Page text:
Guidelines Change Made Retroactive
July 18, 2014
The Sentencing Commission’s decision is an important step away from the disproportionate punishment and racial disparities that have plagued federal drug sAnchorentencing for decades.
Antonio Ginatta, US advocacy director

(Washington, DC) – A decision by the US Sentencing Commission on July 18, 2014, will give 46,000 federal inmates serving unnecessarily long sentences for drug offenses a chance to seek sentence reductions. The decision would make a recent amendment to the guidelines for calculating sentences for drug offenses fully retroactive, covering inmates already sentenced as well as future offenders. 

The Sentencing Commission rejected last-minute efforts to deny retroactivity for some offenders, though it decided to delay implementation of retroactivity for a year.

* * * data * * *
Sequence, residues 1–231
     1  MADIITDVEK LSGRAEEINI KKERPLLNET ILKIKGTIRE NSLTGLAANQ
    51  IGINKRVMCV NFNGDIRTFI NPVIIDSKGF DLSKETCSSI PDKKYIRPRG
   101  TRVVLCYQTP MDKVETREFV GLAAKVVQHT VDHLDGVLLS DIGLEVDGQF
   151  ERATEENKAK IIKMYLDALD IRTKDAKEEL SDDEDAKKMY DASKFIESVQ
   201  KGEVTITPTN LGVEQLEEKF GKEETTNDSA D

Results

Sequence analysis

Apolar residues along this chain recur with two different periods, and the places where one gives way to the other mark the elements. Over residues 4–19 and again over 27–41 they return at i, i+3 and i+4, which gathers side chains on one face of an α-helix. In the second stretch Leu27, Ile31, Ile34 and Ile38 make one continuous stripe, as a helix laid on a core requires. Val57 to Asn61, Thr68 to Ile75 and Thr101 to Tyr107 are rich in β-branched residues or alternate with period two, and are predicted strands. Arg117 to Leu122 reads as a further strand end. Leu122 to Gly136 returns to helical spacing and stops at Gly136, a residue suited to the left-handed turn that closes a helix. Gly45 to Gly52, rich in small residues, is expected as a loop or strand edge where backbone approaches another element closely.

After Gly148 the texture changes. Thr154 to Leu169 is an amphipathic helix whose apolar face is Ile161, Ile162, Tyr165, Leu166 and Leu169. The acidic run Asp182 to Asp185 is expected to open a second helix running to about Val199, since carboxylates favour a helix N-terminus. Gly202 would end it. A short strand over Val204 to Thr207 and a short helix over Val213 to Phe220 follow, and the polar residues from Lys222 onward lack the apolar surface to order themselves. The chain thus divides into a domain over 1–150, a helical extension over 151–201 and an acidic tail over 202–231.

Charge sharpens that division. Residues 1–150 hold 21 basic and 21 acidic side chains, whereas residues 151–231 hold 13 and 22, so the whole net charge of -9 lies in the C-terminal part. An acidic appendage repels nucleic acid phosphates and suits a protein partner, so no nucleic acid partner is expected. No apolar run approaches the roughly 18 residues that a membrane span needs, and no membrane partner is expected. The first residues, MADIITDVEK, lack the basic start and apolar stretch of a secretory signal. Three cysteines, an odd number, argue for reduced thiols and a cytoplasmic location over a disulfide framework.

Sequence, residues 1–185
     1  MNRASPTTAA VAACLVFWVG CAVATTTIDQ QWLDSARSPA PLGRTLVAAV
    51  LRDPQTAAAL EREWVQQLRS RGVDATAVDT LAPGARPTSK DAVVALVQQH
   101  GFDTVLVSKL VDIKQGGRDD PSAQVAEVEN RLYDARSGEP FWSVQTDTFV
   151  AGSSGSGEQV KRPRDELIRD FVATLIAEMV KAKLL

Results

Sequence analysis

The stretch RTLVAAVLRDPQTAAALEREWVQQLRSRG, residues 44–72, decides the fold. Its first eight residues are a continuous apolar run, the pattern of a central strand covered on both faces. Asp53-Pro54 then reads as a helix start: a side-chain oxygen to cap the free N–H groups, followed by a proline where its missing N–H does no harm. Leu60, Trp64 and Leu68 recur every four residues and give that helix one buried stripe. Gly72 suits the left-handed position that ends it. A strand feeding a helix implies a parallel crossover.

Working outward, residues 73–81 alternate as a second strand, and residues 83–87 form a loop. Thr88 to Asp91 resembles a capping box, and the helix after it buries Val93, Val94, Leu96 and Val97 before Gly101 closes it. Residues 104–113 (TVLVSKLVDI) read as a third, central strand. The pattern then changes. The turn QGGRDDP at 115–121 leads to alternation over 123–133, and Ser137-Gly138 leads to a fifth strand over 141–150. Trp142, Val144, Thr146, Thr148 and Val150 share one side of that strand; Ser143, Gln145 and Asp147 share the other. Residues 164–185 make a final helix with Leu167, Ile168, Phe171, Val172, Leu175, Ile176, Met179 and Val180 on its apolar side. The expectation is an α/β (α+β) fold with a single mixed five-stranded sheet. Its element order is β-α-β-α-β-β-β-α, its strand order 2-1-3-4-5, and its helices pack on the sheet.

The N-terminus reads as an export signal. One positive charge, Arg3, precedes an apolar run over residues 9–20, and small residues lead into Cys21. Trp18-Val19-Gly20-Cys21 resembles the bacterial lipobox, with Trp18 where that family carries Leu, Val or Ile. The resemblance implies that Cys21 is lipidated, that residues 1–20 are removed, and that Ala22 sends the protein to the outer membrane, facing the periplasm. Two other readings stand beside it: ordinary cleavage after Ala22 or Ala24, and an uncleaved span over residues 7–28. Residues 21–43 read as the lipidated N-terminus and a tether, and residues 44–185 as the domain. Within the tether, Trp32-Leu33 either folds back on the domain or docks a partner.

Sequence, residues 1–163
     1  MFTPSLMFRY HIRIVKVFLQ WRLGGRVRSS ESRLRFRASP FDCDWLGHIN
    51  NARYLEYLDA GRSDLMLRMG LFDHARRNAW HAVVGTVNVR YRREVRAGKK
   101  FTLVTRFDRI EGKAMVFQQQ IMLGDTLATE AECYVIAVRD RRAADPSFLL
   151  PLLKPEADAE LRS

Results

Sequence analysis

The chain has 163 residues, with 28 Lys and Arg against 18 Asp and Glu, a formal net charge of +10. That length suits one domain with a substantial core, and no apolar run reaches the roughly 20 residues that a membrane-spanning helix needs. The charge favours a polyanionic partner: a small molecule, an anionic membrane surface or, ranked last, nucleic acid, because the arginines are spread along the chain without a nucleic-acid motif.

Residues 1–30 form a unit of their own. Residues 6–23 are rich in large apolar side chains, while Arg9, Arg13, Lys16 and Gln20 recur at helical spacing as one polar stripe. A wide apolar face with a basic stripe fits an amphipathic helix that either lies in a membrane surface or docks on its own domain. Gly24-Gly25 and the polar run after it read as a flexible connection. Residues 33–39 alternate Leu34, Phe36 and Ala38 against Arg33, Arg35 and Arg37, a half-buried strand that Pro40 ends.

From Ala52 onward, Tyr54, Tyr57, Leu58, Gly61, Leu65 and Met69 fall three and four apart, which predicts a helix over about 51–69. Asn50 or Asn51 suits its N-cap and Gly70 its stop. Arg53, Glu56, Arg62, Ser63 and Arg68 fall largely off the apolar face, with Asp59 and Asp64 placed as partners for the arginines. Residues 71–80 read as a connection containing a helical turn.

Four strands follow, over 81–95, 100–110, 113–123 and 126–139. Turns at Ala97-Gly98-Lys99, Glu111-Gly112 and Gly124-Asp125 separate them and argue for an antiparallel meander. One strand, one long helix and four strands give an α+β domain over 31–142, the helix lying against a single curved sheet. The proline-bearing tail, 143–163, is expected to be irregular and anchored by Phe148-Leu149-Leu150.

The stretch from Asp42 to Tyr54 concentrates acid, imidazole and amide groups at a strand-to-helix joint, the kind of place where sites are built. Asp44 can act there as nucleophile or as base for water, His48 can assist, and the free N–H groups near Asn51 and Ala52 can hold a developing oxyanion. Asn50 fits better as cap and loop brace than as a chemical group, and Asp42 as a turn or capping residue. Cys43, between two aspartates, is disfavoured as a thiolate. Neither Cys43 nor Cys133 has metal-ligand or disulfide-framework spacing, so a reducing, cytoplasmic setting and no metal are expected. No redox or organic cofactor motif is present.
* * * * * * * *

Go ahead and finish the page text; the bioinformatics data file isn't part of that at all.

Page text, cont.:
“The Sentencing Commission’s decision is an important step away from the disproportionate punishment and racial disparities that have plagued federal drug sentencing for decades,” said Antonio Ginatta, US advocacy director at Human Rights Watch. “While the one-year delay is disappointing, the Sentencing Commission has embraced the principle that sentence reductions should benefit current inmates as well as future offenders.”

In April the commission had decided unanimously that federal drug sentences were longer than necessary to meet the purposes of punishment. In a submission to the Sentencing Commission, Human Rights Watch had urged it to make the amendment fully retroactive, noting there was no justification for requiring federal inmates to continue serving prison terms imposed under a sentencing structure the commission had rightly discarded.

The commission has noted that the US Congress has until November 1 to disallow its amendments to the drug guidelines. Congress should leave the amendments intact, even while it continues to discuss deeper sentencing reforms through legislation.

“Congress itself is assessing how best to tackle the serious problems of mass incarceration and overly harsh sentencing for drug offenses,” Ginatta said. “It should start by allowing the Sentencing Commission amendments to go into effect.”